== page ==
When to choose: Aripirazole’s major achievement is that it is far less likely to cause extreme weight-gain or metabolic syndrome. Therefore, consider it for obese patients or for patients with diabetes. It is also less sedating compared to many other antipsychotics, and therefore some higher-functioning patients prefer it.

When not to choose: The lack of sedation can be an asset in an outpatient setting, but for acutely dangerous patients in an inpatient setting some sedation can be helpful. If akathesia develops and is not alleviated with propranolol (or if propranolol is not an option), consider decreasing the dose or switching to another antipsychotic.

How to dose: For schizophrenia, start at 10-15mg once daily and increase by 5-10mg daily to a max approved dose of 30mg. For augmenting an antidepressant for major depressive disorder, start at 5mg and go up to 10-15mg (usually in 2-5mg increments daily).

Olanzapine (Zyprexa)

Binding Affinity Profile
D2 5-HT2A α1 M1 H1
2 3 2 3 3
4=very high; 3=high; 2=moderate; 1=low; 0=negligible

Description: Olanzapine can cause severe obesity, metabolic syndrome, sedation, and EPS. So why is it used so often? Because studies have shown it to be more effective than other antipsychotics with the exception of clozapine. It also comes in a wide array of formulations, including a short acting injectable (which should never be combined with a benzodiazepine IM because of reported cases of death by respiratory depression). There is also a dissolving formulation called Zyprexa Zydis and a long-acting injectable called Zyprexa Relprevv (not available at OVMC). The maximum recommended dose for Zyprexa Relprevv is either 300mg po q2weeks or 405mg po q4weeks.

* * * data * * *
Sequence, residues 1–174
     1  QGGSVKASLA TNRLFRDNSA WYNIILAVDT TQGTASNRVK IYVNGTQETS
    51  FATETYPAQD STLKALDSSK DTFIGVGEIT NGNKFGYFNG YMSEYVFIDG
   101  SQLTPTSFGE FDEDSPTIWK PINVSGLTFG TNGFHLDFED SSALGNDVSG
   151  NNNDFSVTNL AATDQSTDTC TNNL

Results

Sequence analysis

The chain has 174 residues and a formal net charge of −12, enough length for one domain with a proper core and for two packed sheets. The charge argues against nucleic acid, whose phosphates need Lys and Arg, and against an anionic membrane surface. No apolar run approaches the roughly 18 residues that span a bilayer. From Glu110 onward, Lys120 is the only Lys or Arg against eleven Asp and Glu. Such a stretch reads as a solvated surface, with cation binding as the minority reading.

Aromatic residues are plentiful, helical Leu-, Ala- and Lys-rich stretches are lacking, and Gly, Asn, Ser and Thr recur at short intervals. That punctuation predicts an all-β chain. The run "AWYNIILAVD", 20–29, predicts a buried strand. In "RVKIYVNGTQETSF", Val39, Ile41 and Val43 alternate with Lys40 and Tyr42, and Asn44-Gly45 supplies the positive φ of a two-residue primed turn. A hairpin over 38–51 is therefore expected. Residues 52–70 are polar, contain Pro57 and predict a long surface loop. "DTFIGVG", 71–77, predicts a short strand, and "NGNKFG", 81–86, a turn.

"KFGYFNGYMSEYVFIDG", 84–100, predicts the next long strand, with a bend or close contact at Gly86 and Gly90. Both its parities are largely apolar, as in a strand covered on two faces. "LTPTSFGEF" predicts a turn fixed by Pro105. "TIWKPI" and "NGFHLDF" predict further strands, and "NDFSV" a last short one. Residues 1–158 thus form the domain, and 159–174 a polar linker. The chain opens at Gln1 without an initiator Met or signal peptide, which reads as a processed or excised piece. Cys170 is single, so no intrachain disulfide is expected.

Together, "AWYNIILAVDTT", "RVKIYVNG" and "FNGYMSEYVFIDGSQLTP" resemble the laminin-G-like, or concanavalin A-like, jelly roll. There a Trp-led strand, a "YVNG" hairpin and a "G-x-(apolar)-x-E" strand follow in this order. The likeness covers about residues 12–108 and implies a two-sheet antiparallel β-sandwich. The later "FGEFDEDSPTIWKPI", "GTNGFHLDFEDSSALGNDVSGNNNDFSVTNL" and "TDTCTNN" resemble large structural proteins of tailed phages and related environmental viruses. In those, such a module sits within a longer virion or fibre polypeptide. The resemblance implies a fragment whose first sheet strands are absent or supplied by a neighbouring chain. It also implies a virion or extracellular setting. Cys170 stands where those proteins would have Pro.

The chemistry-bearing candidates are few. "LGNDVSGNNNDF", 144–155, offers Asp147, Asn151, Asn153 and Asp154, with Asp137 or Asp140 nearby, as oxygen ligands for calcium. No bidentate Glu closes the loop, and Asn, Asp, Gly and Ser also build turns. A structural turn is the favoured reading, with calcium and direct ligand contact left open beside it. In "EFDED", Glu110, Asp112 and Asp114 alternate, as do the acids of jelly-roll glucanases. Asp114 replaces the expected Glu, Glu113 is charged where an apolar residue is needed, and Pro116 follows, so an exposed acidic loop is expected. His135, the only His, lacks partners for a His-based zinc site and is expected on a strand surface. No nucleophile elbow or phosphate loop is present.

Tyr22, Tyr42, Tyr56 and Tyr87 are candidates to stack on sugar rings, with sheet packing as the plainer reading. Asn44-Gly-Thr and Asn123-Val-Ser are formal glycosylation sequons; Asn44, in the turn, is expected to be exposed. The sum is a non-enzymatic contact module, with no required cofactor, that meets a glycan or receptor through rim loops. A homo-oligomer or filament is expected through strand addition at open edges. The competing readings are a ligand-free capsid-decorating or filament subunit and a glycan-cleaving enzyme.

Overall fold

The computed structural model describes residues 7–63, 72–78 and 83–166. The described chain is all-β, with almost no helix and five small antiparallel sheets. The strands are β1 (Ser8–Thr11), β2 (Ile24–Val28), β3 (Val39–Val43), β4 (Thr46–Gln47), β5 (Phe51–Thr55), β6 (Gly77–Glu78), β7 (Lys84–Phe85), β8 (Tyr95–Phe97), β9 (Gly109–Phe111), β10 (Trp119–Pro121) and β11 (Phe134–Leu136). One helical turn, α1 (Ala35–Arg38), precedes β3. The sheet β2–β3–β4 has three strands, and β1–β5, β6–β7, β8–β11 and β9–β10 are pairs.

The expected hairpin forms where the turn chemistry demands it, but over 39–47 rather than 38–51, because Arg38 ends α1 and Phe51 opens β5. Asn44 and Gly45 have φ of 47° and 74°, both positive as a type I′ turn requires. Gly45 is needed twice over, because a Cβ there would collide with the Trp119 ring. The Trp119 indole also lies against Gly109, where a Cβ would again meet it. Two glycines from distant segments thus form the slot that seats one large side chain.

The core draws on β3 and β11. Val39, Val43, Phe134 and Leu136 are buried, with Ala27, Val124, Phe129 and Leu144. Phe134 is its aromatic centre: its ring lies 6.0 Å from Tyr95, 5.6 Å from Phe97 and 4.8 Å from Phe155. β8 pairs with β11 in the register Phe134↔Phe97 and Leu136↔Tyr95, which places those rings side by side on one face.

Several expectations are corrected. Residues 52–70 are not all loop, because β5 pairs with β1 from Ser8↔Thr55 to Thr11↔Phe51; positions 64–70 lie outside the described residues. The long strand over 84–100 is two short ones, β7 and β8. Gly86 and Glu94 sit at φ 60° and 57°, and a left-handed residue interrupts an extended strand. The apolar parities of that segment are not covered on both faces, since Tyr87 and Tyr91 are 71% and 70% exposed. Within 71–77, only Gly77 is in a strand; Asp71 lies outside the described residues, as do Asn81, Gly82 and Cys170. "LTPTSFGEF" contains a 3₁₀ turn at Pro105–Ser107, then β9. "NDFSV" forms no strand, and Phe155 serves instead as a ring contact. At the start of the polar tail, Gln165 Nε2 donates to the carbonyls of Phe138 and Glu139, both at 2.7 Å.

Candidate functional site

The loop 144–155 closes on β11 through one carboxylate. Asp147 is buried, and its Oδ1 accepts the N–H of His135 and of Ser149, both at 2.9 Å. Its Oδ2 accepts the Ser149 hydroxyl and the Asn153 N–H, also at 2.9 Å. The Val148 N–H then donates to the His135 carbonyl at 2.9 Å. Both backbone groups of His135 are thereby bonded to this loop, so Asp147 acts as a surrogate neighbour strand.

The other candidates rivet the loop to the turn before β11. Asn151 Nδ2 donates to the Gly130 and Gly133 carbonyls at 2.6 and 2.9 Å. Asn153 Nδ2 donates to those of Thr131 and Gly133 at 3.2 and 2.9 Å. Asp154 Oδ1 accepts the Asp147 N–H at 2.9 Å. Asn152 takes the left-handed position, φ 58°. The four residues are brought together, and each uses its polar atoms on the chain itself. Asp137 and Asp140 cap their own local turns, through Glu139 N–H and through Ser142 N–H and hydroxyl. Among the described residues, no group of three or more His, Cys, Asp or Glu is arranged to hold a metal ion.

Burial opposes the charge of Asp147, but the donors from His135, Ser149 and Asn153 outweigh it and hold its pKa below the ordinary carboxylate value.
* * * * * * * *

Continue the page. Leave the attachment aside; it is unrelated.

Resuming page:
When to choose: Olanzapine is effective for very agitated patients because of its sedating effects. It may also be slightly more effective than most other antipsychotics. It is very easy to dose and is convenient given its various formulations.

When not to choose: Obviously, try to avoid prescribing for obese or diabetic patients. Avoid if weight-gain is a major concern for the patient.